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Old 04-28-2005, 02:06 PM
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Default WWII Missing in Action Serviceman Identified


NEWS RELEASE from the United States Department of Defense

No. 352-05
IMMEDIATE RELEASE
Apr 12, 2005
Media Contact: (703)697-5131
Public/Industry Contact: (703)428-0711

WWII Missing in Action Serviceman Identified


The Department of Defense POW/Missing Personnel Office (DPMO) announced
today that the remains of an Army Air Forces crewman have been identified and are
being returned to his family for burial with military honors.



Staff Sgt. Robert W. McKee of Garvey, Calif., will be buried in
Arlington National Cemetery April 12.



On Dec. 17, 1944, McKee was an aerial gunner on an 11-member crew of a

B-24L *Liberator* that took off from Pantanella, Italy, on a mission to bomb enemy
targets near Blechhammer, Germany. The aircraft crashed over Hungary, near the
small towns of B?h?nye and Felsosegesd, with the loss of two crewmen including
McKee. The other nine were able to safely parachute from the aircraft. Following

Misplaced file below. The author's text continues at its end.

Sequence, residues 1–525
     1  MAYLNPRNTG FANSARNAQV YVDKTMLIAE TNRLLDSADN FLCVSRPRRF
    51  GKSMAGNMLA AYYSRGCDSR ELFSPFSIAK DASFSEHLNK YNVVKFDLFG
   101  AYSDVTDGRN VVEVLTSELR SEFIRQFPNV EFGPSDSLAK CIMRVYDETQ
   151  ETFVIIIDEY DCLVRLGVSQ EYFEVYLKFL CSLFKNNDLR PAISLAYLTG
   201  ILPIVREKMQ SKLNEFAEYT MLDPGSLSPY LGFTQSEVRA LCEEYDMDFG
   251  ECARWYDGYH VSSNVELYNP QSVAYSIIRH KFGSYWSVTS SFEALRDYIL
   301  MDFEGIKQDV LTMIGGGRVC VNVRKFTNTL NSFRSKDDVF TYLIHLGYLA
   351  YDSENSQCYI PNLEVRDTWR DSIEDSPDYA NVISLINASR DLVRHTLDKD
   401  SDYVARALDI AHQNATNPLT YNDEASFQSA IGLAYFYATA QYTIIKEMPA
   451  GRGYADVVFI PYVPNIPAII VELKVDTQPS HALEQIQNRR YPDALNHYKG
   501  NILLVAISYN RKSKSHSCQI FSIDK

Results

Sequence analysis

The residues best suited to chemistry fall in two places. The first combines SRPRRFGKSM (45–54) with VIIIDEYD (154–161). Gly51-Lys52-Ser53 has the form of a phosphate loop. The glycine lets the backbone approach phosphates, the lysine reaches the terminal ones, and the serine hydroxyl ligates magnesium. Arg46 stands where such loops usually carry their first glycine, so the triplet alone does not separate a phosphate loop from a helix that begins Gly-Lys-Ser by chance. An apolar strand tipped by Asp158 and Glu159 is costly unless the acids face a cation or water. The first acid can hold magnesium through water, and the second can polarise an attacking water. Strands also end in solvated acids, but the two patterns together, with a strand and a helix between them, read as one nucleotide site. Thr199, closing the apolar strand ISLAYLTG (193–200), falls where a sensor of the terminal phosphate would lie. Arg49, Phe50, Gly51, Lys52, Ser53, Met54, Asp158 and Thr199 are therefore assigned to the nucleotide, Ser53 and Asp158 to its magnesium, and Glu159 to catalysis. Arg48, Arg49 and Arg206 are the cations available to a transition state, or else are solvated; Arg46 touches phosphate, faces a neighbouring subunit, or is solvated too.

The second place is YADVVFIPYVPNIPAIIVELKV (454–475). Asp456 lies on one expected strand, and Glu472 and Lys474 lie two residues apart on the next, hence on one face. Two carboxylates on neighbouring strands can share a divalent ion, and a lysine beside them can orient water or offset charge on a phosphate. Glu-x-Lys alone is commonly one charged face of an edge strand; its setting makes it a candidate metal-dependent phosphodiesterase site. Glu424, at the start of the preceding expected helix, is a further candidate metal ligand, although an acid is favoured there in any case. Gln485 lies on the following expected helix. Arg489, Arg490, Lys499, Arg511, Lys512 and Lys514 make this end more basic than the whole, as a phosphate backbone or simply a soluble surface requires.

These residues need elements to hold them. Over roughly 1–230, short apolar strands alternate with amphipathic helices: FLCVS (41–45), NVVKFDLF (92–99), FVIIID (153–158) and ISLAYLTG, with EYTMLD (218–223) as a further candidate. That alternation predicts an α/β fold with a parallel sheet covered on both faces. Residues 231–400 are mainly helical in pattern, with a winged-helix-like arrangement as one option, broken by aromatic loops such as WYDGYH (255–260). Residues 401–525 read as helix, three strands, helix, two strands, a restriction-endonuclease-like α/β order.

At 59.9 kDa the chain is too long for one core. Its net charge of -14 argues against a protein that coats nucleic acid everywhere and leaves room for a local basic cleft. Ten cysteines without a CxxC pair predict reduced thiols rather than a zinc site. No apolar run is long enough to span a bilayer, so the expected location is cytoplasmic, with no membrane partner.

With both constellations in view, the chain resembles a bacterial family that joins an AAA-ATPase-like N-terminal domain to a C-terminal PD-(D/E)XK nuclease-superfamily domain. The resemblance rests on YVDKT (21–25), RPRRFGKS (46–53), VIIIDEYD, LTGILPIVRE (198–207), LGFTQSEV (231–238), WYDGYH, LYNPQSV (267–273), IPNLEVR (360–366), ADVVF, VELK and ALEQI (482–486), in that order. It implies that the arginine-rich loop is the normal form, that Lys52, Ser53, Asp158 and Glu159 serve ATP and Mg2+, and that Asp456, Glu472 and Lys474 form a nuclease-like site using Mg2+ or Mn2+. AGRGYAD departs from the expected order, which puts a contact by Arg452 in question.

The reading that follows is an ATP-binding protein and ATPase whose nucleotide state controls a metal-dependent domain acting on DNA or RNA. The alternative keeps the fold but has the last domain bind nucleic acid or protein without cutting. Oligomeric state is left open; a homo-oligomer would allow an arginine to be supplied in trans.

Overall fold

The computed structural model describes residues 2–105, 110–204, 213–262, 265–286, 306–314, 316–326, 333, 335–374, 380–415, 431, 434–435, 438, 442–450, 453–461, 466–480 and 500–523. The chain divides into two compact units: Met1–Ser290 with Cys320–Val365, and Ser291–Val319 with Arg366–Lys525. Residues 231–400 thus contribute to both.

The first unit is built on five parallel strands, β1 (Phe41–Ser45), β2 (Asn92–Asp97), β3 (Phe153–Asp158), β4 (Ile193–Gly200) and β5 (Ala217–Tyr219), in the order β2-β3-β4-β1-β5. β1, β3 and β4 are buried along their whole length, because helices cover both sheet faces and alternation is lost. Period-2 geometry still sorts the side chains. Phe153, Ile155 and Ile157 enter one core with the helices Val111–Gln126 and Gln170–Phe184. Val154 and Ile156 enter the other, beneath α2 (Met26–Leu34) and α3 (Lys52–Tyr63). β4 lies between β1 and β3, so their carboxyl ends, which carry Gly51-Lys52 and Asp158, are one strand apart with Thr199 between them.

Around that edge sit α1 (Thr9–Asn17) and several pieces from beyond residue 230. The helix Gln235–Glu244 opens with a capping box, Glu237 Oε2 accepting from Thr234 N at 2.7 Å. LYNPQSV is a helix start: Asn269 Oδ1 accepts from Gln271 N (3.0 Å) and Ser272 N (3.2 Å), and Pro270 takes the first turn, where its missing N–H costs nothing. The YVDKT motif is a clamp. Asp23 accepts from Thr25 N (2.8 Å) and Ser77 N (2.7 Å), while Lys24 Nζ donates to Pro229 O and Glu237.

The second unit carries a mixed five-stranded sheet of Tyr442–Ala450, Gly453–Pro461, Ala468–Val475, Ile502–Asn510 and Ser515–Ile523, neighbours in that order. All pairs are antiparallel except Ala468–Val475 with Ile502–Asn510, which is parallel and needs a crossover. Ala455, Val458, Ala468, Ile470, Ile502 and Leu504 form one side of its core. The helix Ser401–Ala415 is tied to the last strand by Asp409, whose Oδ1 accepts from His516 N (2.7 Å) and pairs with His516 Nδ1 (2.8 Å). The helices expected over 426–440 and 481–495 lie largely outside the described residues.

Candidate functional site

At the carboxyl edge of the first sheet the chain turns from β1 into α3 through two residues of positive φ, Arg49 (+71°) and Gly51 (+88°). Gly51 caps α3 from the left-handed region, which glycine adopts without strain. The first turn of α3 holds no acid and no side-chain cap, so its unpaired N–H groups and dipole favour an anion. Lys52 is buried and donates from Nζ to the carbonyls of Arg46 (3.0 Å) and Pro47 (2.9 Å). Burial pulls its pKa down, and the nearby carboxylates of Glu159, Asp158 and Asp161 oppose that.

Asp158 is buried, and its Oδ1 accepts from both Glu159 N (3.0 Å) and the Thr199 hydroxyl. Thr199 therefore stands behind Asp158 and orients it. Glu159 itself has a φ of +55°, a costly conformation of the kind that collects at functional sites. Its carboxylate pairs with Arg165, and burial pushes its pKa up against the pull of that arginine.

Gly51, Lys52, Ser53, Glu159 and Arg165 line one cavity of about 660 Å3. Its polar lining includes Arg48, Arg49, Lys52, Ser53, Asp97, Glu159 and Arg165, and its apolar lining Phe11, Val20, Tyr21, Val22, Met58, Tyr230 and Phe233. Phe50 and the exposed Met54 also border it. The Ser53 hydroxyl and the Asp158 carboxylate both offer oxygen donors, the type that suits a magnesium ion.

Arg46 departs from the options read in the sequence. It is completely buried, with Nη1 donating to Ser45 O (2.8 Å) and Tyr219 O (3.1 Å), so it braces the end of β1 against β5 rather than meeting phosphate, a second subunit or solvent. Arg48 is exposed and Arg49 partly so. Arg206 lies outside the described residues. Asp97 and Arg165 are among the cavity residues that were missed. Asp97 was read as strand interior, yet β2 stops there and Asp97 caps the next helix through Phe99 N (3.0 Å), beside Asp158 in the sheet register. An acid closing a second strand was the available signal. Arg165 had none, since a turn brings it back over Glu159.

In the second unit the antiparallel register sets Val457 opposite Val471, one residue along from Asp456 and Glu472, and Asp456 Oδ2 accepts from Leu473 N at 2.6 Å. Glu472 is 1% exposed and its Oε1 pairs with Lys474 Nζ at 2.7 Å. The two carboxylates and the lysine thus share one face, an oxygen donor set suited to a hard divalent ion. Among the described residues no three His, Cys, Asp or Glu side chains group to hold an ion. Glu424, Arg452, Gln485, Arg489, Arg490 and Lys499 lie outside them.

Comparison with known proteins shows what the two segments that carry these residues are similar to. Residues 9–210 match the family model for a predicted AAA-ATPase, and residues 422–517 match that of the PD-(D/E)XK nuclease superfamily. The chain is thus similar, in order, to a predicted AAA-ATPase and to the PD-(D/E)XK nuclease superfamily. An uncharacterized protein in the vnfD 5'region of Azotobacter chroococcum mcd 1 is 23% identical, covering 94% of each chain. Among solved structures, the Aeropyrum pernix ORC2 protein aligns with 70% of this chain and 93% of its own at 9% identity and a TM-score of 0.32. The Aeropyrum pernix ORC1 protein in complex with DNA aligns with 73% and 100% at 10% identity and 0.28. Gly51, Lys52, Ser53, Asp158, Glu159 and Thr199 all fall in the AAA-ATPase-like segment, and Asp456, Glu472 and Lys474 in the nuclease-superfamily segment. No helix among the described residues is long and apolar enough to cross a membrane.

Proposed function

the war, the remains of the other unaccounted-for crewman were found in a cemetery
in Felsosegesd.



Following the war, remains from an American aircraft crash near Vienna,
Austria, were found buried with McKee's military identification tag. But the
remains were identified as those of another flyer. Further analysis revealed that
McKee had flown on the same plane and had lost his identification tag, most likely
on that aircraft.



In 1992 an undertaker recovered remains believed to be those of an
American in the B?h?nye, Hungary, cemetery but they could not be associated with a
specific incident. DPMO analysts obtained information from a Hungarian researcher
which indicated that the remains might be associated with McKee's loss. Aerial
gunner's wings were found in the grave, as well as other items worn by U.S. bomber
crews in 1944.



Scientists of the Joint POW/MIA Accounting Command and the Armed Forces
DNA Identification Laboratory used a number of forensic tools including
mitochondrial DNA to confirm McKee's identity, matching his DNA with that of two
known maternal relatives.



Of the 88,000 Americans missing from all conflicts, 78,000 are from
World

War II.



For additional information on the Defense Department's mission to
account for missing Americans, visit the DPMO web site at www.dtic.mil/dpmo or call
(703) 699-1169.
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